New Zealand Law Society - Workplace culture in the legal industry: How candidates feel post-Bazley

Workplace culture in the legal industry: How candidates feel post-Bazley

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Much is made of people and culture as differentiators for employees when weighing up one company over another, which is only highlighted further as competition for the brightest and best becomes tighter. But there seems to be an increasing perception that the reality doesn’t match the blurb in the glossy brochure or the slick words on a website.

In the wake of high-profile scandals which have hit the legal profession locally, as well as the shocking results of the New Zealand Law Society’s own Legal Workplace Environment Survey, legal recruitment specialist McLeod Duminy has polled candidates to get a better understanding of how revelations about the ills in law firm cultures affect their approach to looking for a job in law.

“There’s no question now that candidates will simply take claims by employers at face value and instead rely on conducting their own research. Many are more likely to make decisions based on their own informal due diligence rather than believing what the firms themselves say,” says Kirsty Spears, McLeod Duminy Legal Recruitment Consultant.

“And some candidates are pointing out that a safe, respectful environment is non-negotiable.”

She says that after the publication of the Law Society’s survey results and the Dame Margaret Bazley report into incidents at Russell McVeagh, the recruitment firm was curious to know if candidates are now considering new factors when looking at taking a job. “The short answer to that is ‘yes, they are’.”

Firms not trusted

McLeod Duminy put multiple questions to some 30 candidates; the overall response indicates that lawyers don’t trust firms to tell them about the culture and want to hear from peers and ex-employees. The reports have also heightened the concerns of candidates around workplace culture, with many expressing an increased interest in how law firms have responded to the revelations and how they have addressed any previous issues, many of which could be described as ‘open secrets’ in the past.

All responses are necessarily anonymous to protect the career prospects of the lawyers who provided their thoughts. After all, the chances of employment may not be helped for a candidate who says this: “I’ve read the report cover to cover, and nothing in it was really surprising. It hammered home that companies that boast of a ‘work hard, play hard’ culture are often using this as a trite phrase to cover up excessive hours and unrealistic expectations, which staff members then deal with unhealthy drinking habits.”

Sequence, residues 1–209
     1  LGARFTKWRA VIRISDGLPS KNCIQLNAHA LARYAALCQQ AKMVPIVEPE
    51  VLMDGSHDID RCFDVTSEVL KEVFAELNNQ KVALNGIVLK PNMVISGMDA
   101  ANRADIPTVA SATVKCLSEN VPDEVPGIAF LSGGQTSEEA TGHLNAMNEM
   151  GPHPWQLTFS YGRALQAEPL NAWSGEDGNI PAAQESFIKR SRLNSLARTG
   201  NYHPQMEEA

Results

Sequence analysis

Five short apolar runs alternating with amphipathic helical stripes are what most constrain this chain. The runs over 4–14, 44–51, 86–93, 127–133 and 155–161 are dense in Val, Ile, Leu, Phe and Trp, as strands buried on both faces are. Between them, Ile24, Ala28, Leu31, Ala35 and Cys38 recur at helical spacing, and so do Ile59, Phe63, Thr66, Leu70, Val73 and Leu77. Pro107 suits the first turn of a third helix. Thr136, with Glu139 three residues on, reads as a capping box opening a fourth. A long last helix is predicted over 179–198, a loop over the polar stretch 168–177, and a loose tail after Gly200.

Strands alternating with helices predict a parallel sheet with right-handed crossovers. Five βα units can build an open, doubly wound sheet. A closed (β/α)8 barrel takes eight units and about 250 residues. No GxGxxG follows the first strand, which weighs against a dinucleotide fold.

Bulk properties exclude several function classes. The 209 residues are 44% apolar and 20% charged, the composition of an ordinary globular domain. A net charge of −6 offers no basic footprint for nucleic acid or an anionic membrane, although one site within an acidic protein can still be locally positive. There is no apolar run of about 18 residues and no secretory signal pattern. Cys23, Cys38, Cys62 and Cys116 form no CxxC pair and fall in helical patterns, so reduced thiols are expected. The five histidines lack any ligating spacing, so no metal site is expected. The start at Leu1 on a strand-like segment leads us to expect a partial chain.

Said another: “Always do your due diligence on a firm by doing your own research on those you will be working with and for. Researching the public face of a firm will not always help a candidate and, in practice, speaking to people who work there or have left will help more.”

One pointed out that women can feel intimidated in the legal profession: “I am more aware of the negative connotations that can be drawn where there is a predominance of males.” And McLeod Duminy have seen examples of female candidates not being interested in a firm where the partnership was all male and there were no senior women at all.

And a candidate who says she was already conscious of the issues raised in the reports now wants to know more about why a new position has come up and why an employee has left. “[That’s] to make sure that it’s not due to a malfunctioning work environment or management. I also pay more attention to the male/female ratios at all levels of the firm. These documents have made it easier to discuss these topics, because firms are very conscious of these issues.”

Better awareness of remedies

Candidates have heightened awareness not only of the possibility of inappropriate behaviour, but also the remedies available. “I would look to see if a firm had a sexual harassment policy – that might be a good start, but also speaking to other lawyers in the firm to see if they feel respected and safe and whether senior lawyers are accessible would be a better guide.”

It has also added to the trend of millennials giving status and income a back seat to lifestyle, balance and a positive work environment. One respondent noted that the recent reports have “reinforced my desire to work with strong and intellectually robust firms, rather than those that adhere to a ‘tick box’ corporate culture”. Another added that “it’s becoming more acceptable to choose more healthy lifestyles over high status jobs”.

When workplace cultures don’t align with the claims, this can lead to employees leaving. “I’ve always looked to work in a firm that has a good culture with a good reputation. When I have landed in a place that hasn’t been what it held itself out to be, I’ve moved on,” says a candidate.

What has emerged strongly is a sense that bad behaviour is not acceptable and cannot be swept under the carpet as it has been in the past. “I want to work in a place where all employees are respected and there is no bullying, and that hasn’t changed. The key change is it is now more out in the open and acceptable to talk about it and ask questions,” says one.

There is work to be done by New Zealand’s law firms, says Kirsty Spears. “The messages are mixed on how well firms have addressed the cultural issues exposed by the Law Society and the Bazley report. Despite a few candidates being heartened by the conversations being had at their own firm, most candidates we’ve spoken with indicate that their firm hasn’t done enough. And a feeling remains that policies seeking to address these issues is only a start and there should be more discussion and an emphatic rejection of any unacceptable behaviour.”

Christina Kruger is a Director at McLeod Duminy.

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